I was really excited by the creative design space offered by the 5e fighter’s expertise dice mechanic, but I was much more interested by the improvisational space it created. It was a fluid, flexible mechanic, a spendable yet rechargeable resource designed to be burned for varied combat actions. It was as simple as the player wanted it to be and changed depending on desired role: it kept damage off the tank, added damage to the brute, and could be used for mob control by the defender.
But there’s a problem. No sooner was it created but content and options were heaped on the character and the potential to improv was removed as room to stunt shrunk. Is this an issue? Maybe. It depends on the type of game you like. D&D has always been a very codified game with rules for everything (excluding Basic D&D) so this is likely not a problem for much of the audience, especially fans of the last two editions. But if D&D wants to grow its audience beyond the constraints of its current fanbase, plus embrace what separates tabletop RPGs from video and board games (a dedicated human referee who can adjudicate and narrate) then it's something to think about.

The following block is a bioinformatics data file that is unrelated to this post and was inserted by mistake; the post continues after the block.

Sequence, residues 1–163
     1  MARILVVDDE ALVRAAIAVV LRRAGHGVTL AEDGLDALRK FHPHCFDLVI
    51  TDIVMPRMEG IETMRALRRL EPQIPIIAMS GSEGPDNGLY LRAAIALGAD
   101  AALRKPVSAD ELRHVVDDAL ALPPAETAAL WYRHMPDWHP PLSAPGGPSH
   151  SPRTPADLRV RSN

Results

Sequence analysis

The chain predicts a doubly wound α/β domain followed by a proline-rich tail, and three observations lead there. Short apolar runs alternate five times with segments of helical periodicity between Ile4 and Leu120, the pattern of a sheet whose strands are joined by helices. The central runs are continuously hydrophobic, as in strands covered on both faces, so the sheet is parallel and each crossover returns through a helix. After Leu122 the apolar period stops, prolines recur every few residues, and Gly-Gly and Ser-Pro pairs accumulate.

As a head’s up, this blog has spun out of my earlier piece on “DM May I” play, including discussion in the comments. So if you hated that piece you might want to listen to some calming music while drinking soothing tea during your reading.
Here’s the thesis of this blog: too much content limits the ability to improv. The more options and powers a character has, the larger the minimum number of choices, the harder it becomes to improvise actions in combat.